What the hell could it be?

Donut Know

Earlier this month, NASA's Perseverance Mars rover spotted a mysterious donut-shaped rock in the distance during a trip across the delta of the planet's Jezero Crater, which scientists believe is an ancient dried-up lake.

The object, which appeared to be roughly 330 feet from the rover, is at least ten inches across and has a significant hole punched through the middle.

The odd rock has puzzled scientists, CNN reports, who are now attempting to explain how it could have ended up that way on the Red Planet's desolate surface.

Nothing Special

Experts are divided on the rock's origins. Some argue it's a meteorite that got its shape after blazing through the Martian atmosphere, while others say it's evidence of the roaring rivers believed to have surged across the planet's surface in the distant past.

"I can’t say with absolute, 100 percent certainty it’s not a meteorite, but I think it’s highly unlikely," Jim Rice, an assistant research scientist in the School of Earth and Space Exploration at Arizona State University, told CNN. "The reason I say that is because, this region we’re in, we see a lot of rocks that have these kind of hollowed-out interiors."

According to Rice, these kinds of rocks "were brought in by floods by this big river channel, the Neretva Vallis — that’s the channel that brought all the water and the rocks and sediment in there."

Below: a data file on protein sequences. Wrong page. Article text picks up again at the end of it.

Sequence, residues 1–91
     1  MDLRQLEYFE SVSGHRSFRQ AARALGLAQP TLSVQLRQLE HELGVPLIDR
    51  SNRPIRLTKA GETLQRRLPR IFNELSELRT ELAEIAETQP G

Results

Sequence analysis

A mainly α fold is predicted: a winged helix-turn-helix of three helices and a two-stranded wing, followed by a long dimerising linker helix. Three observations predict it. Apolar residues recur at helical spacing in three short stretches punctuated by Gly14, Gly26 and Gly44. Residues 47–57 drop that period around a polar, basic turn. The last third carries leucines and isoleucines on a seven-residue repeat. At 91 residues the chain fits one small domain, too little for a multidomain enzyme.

In short, it may look odd to the unsuspecting eye, but "really, scientifically, it’s not anything special," Rice argued.

Meteorite Mystery

But not everybody agrees with that assessment. Pascal Lee, a senior planetary scientist at the SETI Institute, told CNN that the donut may have been a meteorite in which the weaker material in its interior eroded over time.

It wouldn't be the first potential meteorite Perseverance has spotted. Just a few weeks into its journey across the Red Planet, the rover examined and zapped a rock that closely resembled a meteorite.

Alternatively, it could've been "thrown away from another part of Mars by the impact of a large asteroid," Lee told CNN.

While the planetary scientist argued that Perseverance should take the time to have a closer look at the rock, the team operating the rover hasn't announced any plans to do so.

And that's a shame, because if they don't, there's a good chance we'll never find out more about the mysterious rock's origins.

More on Perseverance: NASA Gets Amazing New Results Generating Oxygen on Mars

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